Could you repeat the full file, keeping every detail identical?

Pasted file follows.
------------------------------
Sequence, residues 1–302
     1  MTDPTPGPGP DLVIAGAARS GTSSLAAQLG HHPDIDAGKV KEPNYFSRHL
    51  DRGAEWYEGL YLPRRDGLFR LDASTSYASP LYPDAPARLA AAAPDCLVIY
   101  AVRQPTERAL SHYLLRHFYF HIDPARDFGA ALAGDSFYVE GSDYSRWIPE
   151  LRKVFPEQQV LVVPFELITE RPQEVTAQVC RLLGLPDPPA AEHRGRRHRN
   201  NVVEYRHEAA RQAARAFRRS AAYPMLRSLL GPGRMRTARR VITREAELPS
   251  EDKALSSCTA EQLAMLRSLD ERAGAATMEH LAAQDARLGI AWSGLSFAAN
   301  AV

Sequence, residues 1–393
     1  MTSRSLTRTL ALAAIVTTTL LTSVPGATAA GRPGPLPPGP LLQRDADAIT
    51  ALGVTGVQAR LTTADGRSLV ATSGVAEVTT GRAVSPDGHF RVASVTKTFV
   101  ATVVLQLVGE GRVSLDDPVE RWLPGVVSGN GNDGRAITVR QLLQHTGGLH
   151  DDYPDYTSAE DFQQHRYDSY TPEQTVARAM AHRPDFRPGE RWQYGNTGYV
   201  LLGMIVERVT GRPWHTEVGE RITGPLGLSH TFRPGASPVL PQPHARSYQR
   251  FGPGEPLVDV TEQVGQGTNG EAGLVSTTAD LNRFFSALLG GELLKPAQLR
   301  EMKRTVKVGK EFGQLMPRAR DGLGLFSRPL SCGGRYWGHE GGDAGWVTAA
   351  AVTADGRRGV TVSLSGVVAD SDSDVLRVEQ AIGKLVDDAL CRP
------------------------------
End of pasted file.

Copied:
Sequence, residues 1–302
     1  MTDPTPGPGP DLVIAGAARS GTSSLAAQLG HHPDIDAGKV KEPNYFSRHL
    51  DRGAEWYEGL YLPRRDGLFR LDASTSYASP LYPDAPARLA AAAPDCLVIY
   101  AVRQPTERAL SHYLLRHFYF HIDPARDFGA ALAGDSFYVE GSDYSRWIPE
   151  LRKVFPEQQV LVVPFELITE RPQEVTAQVC RLLGLPDPPA AEHRGRRHRN
   201  NVVEYRHEAA RQAARAFRRS AAYPMLRSLL GPGRMRTARR VITREAELPS
   251  EDKALSSCTA EQLAMLRSLD ERAGAATMEH LAAQDARLGI AWSGLSFAAN
   301  AV

Sequence, residues 1–393
     1  MTSRSLTRTL ALAAIVTTTL LTSVPGATAA GRPGPLPPGP LLQRDADAIT
    51  ALGVTGVQAR LTTADGRSLV ATSGVAEVTT GRAVSPDGHF RVASVTKTFV
   101  ATVVLQLVGE GRVSLDDPVE RWLPGVVSGN GNDGRAITVR QLLQHTGGLH
   151  DDYPDYTSAE DFQQHRYDSY TPEQTVARAM AHRPDFRPGE RWQYGNTGYV
   201  LLGMIVERVT GRPWHTEVGE RITGPLGLSH TFRPGASPVL PQPHARSYQR
   251  FGPGEPLVDV TEQVGQGTNG EAGLVSTTAD LNRFFSALLG GELLKPAQLR
   301  EMKRTVKVGK EFGQLMPRAR DGLGLFSRPL SCGGRYWGHE GGDAGWVTAA
   351  AVTADGRRGV TVSLSGVVAD SDSDVLRVEQ AIGKLVDDAL CRP